No matter the source material – be it a novel, comic book, graphic novel, TV show or cartoon – there is always going to be some complaints about the movie adaptation. Even if the changes are critical to making the adapted story work on-screen, fans of the source material get up in arms about simple, unimportant things like changed hair colors or age differences.

One such movie catching that flack right now is Dragonball, which is based on the ultra-popular anime series. In an interview with MTV News, the cast and crew of Dragonball have gone out of their way to try and justify any changes they may have been made from the original cartoon to the movie.

James Marsters (Buffy The Vampire Slayer), who plays Lord Piccolo in Dragonball, is a huge fan of the original cartoon but was adamant to remind fans that the letter “Z” that most people associate with coming after the word “Dragonball,” wasn’t introduced until about 150 episodes into the series. He also says that just because he isn’t the same Piccolo fans know and love for much of this first film, that doesn’t mean that in potential sequels (one of which is in the works already) he won’t become more reminiscent of the Piccolo fans expect.

Director James Wong explains many of the changes made by attributting them as “superficial necessities in pulling characters into the “real” world.” He also compares the project to the X-Men movies. For example, just because the character of Goku wears a bright orange costume in the cartoon, doesn’t mean it will work on-screen (I think he’s referring to Wolverine’s original yellow and black outfit compared to how he looked in the movies). Wong said that they, “shot so many test with so many different versions [of the costume], a hint to fans that the original costume(s) may make a brief appearance.

Justin Chatwin, who portrays Goku, has said that the biggest point of issue (for him, anyway) was to get  the character’s trademark spikey hairstyle right. According to Chatwin, it took forty cans of hairspray to get the right combination between the cartoon and the “real” world hairstyle. Co-star Emmy Rossum, who plays Bulma, also went through a few attempts using blue wigs before the filmmakers settled for using blue dye.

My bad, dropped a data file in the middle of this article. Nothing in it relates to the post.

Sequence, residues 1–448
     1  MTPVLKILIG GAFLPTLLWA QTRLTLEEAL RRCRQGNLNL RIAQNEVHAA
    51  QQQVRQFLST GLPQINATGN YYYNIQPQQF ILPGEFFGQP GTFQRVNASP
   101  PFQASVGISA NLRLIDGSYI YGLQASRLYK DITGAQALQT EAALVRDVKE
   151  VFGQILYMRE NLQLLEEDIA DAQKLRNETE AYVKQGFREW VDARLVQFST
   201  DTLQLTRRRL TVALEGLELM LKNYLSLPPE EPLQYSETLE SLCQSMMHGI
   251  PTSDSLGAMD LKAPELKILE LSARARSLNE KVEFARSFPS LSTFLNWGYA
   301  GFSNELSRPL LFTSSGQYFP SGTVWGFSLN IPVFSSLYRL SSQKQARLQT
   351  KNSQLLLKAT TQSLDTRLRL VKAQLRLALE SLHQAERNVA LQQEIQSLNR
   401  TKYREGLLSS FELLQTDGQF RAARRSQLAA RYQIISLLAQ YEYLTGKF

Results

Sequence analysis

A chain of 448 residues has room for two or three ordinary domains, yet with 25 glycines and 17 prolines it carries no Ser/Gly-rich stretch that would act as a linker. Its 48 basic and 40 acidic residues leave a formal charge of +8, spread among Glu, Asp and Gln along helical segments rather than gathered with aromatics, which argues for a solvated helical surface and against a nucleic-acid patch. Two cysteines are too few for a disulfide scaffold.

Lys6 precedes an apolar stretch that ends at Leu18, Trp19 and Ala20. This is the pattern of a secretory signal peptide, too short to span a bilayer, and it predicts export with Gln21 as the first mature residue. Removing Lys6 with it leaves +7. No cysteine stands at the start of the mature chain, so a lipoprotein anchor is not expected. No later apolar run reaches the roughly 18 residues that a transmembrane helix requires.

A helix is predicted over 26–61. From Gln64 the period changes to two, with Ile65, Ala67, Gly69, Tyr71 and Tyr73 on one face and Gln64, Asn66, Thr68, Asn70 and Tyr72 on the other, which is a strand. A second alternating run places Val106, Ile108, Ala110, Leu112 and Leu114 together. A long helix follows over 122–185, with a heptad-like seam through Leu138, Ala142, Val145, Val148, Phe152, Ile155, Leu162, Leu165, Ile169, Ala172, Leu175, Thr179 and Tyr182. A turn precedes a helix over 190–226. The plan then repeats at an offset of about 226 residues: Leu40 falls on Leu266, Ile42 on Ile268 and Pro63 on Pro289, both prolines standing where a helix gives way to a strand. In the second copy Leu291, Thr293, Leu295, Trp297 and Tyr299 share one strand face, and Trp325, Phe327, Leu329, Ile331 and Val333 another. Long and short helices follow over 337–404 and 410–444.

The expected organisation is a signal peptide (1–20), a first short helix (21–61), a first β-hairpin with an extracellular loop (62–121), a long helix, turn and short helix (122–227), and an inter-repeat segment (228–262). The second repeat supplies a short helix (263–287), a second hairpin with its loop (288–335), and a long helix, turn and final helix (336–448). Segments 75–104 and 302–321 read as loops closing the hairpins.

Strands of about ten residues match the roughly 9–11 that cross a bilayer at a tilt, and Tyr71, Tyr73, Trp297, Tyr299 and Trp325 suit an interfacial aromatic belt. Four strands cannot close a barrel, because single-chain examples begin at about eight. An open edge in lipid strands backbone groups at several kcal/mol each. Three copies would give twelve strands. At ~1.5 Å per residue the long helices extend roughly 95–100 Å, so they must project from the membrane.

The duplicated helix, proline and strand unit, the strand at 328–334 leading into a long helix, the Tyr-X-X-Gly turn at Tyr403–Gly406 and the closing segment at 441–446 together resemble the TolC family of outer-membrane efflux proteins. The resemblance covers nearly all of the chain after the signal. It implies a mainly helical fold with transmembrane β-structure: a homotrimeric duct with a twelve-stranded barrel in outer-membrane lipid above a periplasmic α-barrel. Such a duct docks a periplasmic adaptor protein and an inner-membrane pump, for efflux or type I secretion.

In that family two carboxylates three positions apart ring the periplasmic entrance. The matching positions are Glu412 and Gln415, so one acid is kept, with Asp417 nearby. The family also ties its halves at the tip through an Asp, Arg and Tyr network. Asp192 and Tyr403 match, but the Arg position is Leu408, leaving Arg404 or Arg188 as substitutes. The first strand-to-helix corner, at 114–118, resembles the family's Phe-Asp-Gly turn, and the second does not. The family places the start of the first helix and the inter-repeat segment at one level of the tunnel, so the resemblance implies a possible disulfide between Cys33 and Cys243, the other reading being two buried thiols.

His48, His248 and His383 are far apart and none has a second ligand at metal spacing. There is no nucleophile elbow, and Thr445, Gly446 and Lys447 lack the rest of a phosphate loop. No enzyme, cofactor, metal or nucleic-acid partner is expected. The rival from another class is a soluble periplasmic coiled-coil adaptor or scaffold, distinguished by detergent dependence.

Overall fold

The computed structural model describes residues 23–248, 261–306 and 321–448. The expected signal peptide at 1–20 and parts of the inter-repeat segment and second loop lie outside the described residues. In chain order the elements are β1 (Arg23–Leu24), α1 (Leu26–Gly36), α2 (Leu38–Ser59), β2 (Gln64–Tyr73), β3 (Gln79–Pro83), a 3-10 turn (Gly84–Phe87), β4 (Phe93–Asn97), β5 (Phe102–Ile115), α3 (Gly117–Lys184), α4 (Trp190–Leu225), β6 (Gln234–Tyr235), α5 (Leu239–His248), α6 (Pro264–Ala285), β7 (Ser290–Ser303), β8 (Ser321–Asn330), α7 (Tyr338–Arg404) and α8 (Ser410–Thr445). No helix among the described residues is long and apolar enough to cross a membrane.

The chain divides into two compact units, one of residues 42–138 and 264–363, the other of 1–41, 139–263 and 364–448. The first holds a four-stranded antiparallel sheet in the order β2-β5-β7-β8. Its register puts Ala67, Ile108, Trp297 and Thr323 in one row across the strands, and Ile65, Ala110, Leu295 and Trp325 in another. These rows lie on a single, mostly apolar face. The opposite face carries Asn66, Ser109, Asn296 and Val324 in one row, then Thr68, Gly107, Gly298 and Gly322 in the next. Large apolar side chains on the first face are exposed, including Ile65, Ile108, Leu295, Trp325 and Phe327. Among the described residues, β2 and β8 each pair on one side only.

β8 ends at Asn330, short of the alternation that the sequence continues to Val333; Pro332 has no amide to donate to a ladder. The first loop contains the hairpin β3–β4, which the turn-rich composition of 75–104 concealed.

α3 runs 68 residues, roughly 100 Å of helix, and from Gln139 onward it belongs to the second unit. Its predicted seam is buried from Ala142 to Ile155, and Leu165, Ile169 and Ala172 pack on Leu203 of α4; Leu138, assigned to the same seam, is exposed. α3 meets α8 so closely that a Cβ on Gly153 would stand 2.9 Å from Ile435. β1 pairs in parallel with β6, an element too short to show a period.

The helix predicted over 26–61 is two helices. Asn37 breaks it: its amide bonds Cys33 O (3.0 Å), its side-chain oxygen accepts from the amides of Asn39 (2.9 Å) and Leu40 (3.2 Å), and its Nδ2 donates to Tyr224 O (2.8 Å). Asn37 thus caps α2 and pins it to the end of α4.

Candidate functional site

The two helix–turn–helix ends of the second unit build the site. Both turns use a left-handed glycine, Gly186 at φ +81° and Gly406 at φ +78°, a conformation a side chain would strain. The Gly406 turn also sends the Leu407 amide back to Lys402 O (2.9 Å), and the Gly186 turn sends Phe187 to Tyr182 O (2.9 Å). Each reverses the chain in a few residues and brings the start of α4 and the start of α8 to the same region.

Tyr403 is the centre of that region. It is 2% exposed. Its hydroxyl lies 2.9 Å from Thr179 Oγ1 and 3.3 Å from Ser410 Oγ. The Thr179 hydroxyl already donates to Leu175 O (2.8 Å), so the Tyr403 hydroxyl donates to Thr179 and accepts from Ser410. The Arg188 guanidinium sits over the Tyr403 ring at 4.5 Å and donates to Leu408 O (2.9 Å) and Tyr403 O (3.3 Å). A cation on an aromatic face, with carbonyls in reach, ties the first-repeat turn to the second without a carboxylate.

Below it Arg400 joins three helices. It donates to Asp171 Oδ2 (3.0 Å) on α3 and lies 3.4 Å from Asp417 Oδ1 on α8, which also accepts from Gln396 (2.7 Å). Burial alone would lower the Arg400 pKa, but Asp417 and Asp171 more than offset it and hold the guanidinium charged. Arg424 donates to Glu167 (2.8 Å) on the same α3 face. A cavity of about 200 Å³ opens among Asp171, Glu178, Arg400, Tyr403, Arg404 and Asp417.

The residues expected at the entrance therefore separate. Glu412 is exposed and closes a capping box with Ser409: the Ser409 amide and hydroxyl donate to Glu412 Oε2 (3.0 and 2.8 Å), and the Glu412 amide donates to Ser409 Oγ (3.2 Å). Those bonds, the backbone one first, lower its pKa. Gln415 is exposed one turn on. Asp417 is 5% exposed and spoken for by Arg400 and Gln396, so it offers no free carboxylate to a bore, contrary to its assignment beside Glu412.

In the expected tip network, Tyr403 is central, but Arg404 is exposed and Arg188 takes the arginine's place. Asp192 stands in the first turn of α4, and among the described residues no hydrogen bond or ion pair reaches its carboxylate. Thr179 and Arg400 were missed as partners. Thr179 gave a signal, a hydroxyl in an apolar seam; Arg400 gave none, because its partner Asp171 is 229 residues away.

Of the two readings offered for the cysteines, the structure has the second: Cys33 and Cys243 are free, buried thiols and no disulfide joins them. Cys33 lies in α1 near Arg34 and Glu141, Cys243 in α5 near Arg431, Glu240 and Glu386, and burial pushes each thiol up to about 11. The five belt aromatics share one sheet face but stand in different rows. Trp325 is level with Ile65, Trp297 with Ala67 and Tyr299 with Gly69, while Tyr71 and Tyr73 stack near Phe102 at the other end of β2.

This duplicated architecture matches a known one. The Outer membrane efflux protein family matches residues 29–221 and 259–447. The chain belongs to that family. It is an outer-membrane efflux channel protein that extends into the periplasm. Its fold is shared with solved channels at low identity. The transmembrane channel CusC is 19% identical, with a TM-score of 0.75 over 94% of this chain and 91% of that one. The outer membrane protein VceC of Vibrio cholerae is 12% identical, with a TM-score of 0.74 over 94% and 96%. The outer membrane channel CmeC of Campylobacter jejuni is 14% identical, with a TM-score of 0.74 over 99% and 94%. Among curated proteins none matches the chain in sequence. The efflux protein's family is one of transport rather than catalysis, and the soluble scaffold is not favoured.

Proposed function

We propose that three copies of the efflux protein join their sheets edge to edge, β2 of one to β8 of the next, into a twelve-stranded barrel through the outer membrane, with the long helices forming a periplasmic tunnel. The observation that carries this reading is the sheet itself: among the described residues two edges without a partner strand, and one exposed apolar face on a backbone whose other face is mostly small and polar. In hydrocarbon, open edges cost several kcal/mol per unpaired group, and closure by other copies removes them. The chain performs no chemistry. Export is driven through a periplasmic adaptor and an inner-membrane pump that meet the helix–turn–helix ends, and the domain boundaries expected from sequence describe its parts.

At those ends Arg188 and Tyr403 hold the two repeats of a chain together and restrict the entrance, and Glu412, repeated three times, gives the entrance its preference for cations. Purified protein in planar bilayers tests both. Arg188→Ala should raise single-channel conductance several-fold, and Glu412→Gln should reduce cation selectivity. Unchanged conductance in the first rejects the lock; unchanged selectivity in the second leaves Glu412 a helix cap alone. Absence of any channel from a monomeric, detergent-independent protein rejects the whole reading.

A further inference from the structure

In an overall sense, Wong has said that the major changes come from trying to capture the spirit and tone of the cartoon series. Wong said it was quite early on that they changed to a more family-friendly tone, forcing them to drop some of the more risque elements that were present in the cartoon.

However, the cast maintains that the most important elements of the characters are still very much in the movie, even if they appear to be completely different. For example, when it comes to Chow Yun-Fat’s Master Roshi:

“He kind of embodies the essence of Master Roshi,” explained Jaime Chung (Chi Chi), “Minus being perverted.”

Now, I am a firm believer in the fact that adaptation means that certain things absolutely have to be changed. Not just hair or eye color, but even something crucial like an accent or an attitude should be changed if it needs to be, in order for it to work better on the big-screen.

A prime example is Galactus from Fantastic Four: Rise of the Silver Surfer. I am not going to say I liked what they did with Galactus – turning him into a storm cloud was a titanically dumb idea that was jaw-droppingly lame to witness in the movie theater. But at the same time, I can see why they changed it from what he originally is in the comic (again,  I’m not saying I like what they changed it to, just that I understand why they did it).

If they had faithfully translated Galactus from comic book page to the big-screen it would have looked bloody ridiculous. A giant man with a purple helmet, floating through the universe devouring planets? No one, not even the most experienced and skilled filmmakers in the world, could have made that look anything other than preposterous.

The same need for re-interpretation goes for any other movie adaptation, including Dragonball. The filmmakers hopefully had good reason for changing the things they did, otherwise why would they have changed them? Clearly there were certain things that just didn’t work, and they made the right decision to change them.

Whether Goku has an orange suit or a green suit; whether Piccolo has green skin or brown skin; whether this character has this hair color or that hair color… It doesn’t matter. Adaptation means exactly that: things need to be adapted, if the original concept doesn’t work on-screen, even if that adaptation means being “unfaithful” to the source material.

What are your thoughts on the changes the filmmakers have made to Dragonball? Do you agree that in any adaptation things have to be changed if they don’t work on-screen? Or are you one of the die-hard purists who believes that the source material is sacred and should never be mucked with?

Dragonball is scheduled to be released this Friday the 10th of April, 2009.

Source: MTV Splash Page